5 Rules For Becoming An Intellectual Maverick
by Julian Pencilliah, author of “The Jetstream of Success”
No matter how well our lives may be going, many of us seem to be at our wit’s end when it comes to attaining that next level of success, but there is a solution to this challenge. Whether we want to improve our relationships, spiritual development, emotional well-being, health or monetary ambitions, we so often find that we’re our own greatest enemies.
You see it time and time again – individuals rise out of the most devastating circumstances and transform their lives into greatness. If you’re in a place where you feel that life’s closing in on you, and you have a pressing urgency to transform your misfortune into a positive opportunity, then you must embrace the fact that realizing your potential is a process.
How does one start this process? Become a student of your own history and become an intellectual maverick. Here are the attributes that must be developed to make progress possible:
1. Irrevocably change your world.
Piece together an ever-fuller understanding of yourself with the intention of reinventing yourself a thousand-fold. We should always aim toward exponential achievements, with the wisdom of knowing that we are not chasing the achievement, but rather chasing the consciousness of who we need to become in order to materialize our success.
2. Think with sophistication.
This is your capacity to become more strategic in your approach to life. This simply means that you need to become more process-oriented, rather than goal-oriented. Intelligence is knowing what’s required of you. Sophisticated thinking is the process of making successful decisions over a lifetime.
3. Exceed probability amplitudes.
Achieving success in any arena of your life is framed within your ability to eliminate innate weaknesses and biases. History tells us that not all greats have off-the-chart IQs, nor are they born with limitless freedom. In fact, it’s the triumph over less-than-favorable circumstances and a determination to achieve that often builds the character necessary for success. Great individuals set out to achieve outstanding results, and make their decisions within intellectual criteria. All the greats have engaged a higher impulse, a higher bandwidth, and an inherent strength.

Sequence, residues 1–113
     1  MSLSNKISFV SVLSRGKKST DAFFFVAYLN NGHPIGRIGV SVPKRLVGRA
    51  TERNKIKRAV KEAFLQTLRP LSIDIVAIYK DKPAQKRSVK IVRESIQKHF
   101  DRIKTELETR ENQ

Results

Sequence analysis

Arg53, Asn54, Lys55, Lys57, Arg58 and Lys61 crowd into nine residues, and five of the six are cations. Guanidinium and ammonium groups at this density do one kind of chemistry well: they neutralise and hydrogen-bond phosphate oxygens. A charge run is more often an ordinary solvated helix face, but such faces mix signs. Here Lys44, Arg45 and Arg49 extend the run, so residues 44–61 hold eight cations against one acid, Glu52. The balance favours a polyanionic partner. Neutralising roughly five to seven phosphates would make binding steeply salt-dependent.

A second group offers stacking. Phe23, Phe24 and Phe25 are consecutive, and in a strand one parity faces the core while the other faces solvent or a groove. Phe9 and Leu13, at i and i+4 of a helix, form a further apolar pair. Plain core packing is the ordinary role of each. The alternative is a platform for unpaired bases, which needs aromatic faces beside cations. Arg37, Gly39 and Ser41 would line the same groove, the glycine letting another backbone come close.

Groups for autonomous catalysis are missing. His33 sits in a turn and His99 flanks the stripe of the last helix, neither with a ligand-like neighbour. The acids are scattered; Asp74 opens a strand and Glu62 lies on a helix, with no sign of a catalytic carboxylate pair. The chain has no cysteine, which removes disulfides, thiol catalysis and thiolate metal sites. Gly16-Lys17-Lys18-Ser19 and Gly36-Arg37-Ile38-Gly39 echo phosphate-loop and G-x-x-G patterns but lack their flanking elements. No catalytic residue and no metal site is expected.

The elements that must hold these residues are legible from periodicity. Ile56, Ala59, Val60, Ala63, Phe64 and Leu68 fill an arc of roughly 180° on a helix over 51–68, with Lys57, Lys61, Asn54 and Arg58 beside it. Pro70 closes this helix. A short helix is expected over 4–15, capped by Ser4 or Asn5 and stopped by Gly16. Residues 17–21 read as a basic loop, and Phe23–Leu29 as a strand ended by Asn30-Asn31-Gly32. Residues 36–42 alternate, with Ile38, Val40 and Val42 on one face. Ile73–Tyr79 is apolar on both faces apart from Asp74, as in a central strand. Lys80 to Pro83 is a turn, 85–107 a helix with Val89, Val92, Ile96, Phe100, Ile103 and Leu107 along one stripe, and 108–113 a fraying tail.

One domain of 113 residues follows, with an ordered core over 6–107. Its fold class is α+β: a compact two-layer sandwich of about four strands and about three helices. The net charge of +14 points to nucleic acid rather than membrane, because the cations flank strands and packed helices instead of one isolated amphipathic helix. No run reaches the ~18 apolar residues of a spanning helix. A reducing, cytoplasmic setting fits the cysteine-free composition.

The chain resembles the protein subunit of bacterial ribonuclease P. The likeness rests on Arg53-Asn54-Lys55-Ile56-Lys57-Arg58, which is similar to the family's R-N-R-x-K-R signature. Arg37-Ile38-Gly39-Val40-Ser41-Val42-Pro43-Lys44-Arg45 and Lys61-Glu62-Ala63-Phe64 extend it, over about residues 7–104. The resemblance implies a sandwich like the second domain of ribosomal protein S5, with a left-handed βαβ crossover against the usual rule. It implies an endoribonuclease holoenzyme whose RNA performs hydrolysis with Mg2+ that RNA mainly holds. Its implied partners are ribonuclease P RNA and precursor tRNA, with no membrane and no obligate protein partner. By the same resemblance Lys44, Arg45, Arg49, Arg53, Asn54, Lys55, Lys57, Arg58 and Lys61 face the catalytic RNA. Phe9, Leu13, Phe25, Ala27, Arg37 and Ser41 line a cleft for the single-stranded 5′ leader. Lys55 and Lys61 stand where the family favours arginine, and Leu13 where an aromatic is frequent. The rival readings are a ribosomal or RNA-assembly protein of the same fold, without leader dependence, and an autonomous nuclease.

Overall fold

4. Smile with radiance.
Life is beauty in every direction, but we are often unable to see it if we are too consumed with our lives. The simple truth is that you can touch more of the beauty of life only by touching your own beauty. If you look through the lens of love, gratitude and contribution, then you will be able to see and touch more of the infinite beauty that makes life on Earth a heaven. Learn to smile like sunshine every day and brighten up your world.
5. Get lucky.
I would love to tell you that your destiny is written in the stars, but it is actually written within the confines of your interpretation of life. Luck has more to do with self-engagement than any random twist of fate. Be bold and champion your life to exceed the probability amplitude of any statistic of luck.
We are all endowed with the ability to achieve success in any facet of our lives; success is framed within the definition of the analytical tools and emotional disciplines necessary to champion your life forward.
Above all, I live by three simple words: compassion, love and gratitude. We need to act on these three words daily. Doing so will irrevocably change your world.
Julian Pencilliah is the author of the new book, “The Jetstream of Success”, an Amazon Top 10 e-book best sellers in the self-help category. As a venture capitalist, he has taken a bold approach to life, which includes 20 years of accomplished business acumen. Whether it’s going face-to-face on a dive with great white sharks in the depths of the Atlantic, racing Formula One cars throughout the world or being on a game drive with Virgin billionaire Sir Richard Branson, Pencilliah’s lifestyle has served as a platform for him to draw analogies to connect with readers.
This is an article contributed to Young Upstarts and published or republished here with permission. All rights of this work belong to the authors named in the article above.